The guitarguitar Interview: Kelton Swade Guitars
Published on 19 October 2018
Kelton Swade is a master luthier whose creations have made their way into the hands of such famous faces as Keith Urban and Robben Ford to name only a few of his devoted followers. Kelton's bespoke, one-off creations go beyond terms like 'reissue' or 'relic' and into the realm of true vintage replicas. Kelton devotes hundreds man-hours to each guitar: each instrument is made by him alone and the quality and passion displayed with the end result is clear.
Kelton is also an extremely nice guy and happy to chat about his beautiful creations! Since we recently took delivery of a batch of four magnificent Kelton Swade guitars, we figured it was high time to get the scoop from the man himself!
Kelton, hello and thank you for talking to us! Now, for those who are new to what you do: what is your background in terms of music? What was the path that led you to arrive at Kelton Swade guitars?
That is a rather long story that started 30 years ago. So I do not put anyone to sleep, I will give you the short version of it. I first was introduced to the guitar as an instrument when someone bought me one as a birthday gift. For whatever reason, she saw within me musical talent. I thought she was crazy because I never thought about playing the guitar any more than I thought about asking a cow out on a date. You have to understand, I never touched a guitar in my life and truly did not even know how to hold one! From there, a fascination with the instrument just grew and grew and as I picked it up, handled it, played it.
As I learned more about it, I became so intrigued with it, always thinking to myself what an amazing piece of art a guitar was that gives birth to another piece of art called music! I taught myself how to play a variety of styles – from rockabilly to the blues to country – whatever I liked, I tried to teach myself. Of course, I will always be the student and the guitar will be the master but what a beautiful dance we both enjoy with each other every day and many times throughout the day.
To this day I only play what I like – what moves me. It is important to set free what is in your heart through your hands when it comes to a guitar. And that’s how I make my guitars – they are like a blank canvas that I proceed to express the art that I have in my heart, in the crafting of them as musical paintbrushes for other artists to paint with. I see art as a river, in which you never step into the same river twice. And so it is with my guitars, they are all standalone instruments, for my fellow musicians to paint their music with.
When choosing tone-woods for bodies and necks, do you find the quality out there to be consistent?
That is an interesting question because it really touches upon many points. Some companies do not approach the crafting of a guitar as art like I do. They have an assembly line mentality and thus no love is infused into the instrument as it comes into existence. I like to believe that if you have love in your heart for what you create, people will know and feel this as they see and touch my guitars. I think that the wood is the foundation of a guitar and thus a guitar is only as good as its foundation. It is critical that a great amount of consideration be placed into choosing the wood.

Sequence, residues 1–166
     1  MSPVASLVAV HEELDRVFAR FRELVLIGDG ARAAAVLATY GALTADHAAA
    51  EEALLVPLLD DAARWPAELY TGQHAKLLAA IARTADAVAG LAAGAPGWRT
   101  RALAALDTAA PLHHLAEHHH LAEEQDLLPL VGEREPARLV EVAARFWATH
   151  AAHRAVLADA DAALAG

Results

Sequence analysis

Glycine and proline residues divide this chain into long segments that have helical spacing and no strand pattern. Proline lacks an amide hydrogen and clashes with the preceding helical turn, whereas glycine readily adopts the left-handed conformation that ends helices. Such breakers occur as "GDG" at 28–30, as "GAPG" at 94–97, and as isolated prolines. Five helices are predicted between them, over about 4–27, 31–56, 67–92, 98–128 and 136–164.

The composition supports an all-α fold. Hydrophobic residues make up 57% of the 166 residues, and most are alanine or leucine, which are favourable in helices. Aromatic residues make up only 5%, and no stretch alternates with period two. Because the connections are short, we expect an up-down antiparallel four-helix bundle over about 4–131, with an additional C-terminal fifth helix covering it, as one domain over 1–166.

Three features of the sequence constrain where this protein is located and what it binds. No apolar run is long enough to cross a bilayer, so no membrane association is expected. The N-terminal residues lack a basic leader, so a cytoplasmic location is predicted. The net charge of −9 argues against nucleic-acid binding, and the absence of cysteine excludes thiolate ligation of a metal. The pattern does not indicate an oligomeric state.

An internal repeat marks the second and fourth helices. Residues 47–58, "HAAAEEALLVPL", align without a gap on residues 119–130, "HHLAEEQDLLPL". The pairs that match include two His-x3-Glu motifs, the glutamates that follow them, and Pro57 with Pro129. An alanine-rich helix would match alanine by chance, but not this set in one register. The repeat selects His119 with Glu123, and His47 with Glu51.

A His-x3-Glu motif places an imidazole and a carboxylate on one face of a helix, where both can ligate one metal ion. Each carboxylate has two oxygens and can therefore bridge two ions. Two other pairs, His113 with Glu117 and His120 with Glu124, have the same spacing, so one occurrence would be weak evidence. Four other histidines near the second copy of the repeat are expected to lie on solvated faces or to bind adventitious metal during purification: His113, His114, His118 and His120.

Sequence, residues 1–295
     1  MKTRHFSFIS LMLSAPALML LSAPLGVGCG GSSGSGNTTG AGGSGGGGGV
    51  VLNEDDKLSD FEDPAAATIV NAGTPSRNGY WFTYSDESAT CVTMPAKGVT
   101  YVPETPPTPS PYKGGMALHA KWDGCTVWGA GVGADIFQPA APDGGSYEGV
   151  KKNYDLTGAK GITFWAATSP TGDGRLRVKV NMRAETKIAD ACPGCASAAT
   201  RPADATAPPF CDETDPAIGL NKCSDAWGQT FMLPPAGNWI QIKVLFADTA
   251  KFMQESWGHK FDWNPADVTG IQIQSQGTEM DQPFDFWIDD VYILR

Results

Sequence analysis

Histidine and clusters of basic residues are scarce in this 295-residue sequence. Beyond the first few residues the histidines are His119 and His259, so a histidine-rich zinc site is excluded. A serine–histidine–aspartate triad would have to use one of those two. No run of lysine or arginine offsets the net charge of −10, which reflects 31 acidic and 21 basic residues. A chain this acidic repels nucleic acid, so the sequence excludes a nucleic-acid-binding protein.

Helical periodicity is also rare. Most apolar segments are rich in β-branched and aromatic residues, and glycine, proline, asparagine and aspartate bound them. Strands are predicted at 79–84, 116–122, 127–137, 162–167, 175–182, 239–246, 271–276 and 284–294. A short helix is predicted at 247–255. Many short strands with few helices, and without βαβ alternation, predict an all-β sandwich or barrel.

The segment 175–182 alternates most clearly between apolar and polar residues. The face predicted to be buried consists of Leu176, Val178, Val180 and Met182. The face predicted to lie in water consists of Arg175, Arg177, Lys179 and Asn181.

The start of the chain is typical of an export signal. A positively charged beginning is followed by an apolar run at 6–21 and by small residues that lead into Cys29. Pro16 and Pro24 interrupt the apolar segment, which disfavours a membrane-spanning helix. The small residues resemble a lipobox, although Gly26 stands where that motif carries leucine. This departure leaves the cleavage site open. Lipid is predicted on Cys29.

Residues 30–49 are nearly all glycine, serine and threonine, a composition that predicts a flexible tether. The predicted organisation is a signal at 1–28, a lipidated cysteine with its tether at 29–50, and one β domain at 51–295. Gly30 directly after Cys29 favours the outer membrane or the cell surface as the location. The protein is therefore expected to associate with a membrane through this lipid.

Without giving away any proprietary information, it is not just about choosing the right wood. It is also about what you do to that wood once you have it - I like to teach a tree that it is no longer a tree but a guitar. I always have at the forefront of my thinking that a fellow guitarist is out there somewhere, waiting to share with the world what is in their soul. In order for me to assist them in doing that, it is critical that I start with a strong foundation – the right wood.
Are your specs for fingerboard radius, neck profile etc strictly authentic to vintage instruments?
Fundamentally speaking, 7.25 and 9.5 radius were common on the vintage necks of the guitars from the 1950’s. There are of course various carves from a “U” shape to a “V” shape to a “C” shape that were common. I usually use the 9.5 radius with 6105 frets in order to improve on the vintage specs but on occasion will make a 7.25 radius if someone wants one.
In terms of distressing, how far do you go? You distress work is extremely realistic: is a lot of that about taking lots of short passes at a guitar? What about the hardware?
Another wonderful question. I approach the guitar like a sculptor does stone. I create stories in my mind and imagine what kind of guitarist would have played this guitar? What styles would he play? Where did he play this guitar – for example – was he a 300 pound guy, playing guitar in a band in a Louisiana honky tonk? I create these stories in my mind so that I can then project them onto the instrument. I also have thousands of pictures in my archives of vintage instruments that I study and refresh my memory with in order to keep me within the parameters of reality. Guitarists tell their stories on the fretboard. Their hands and finger shapes are all different. Therefore, I have many, many different artistic ways to create these different fretboard expressions. I like to think that I start the ageing process and then let the new owner finish it with their playing.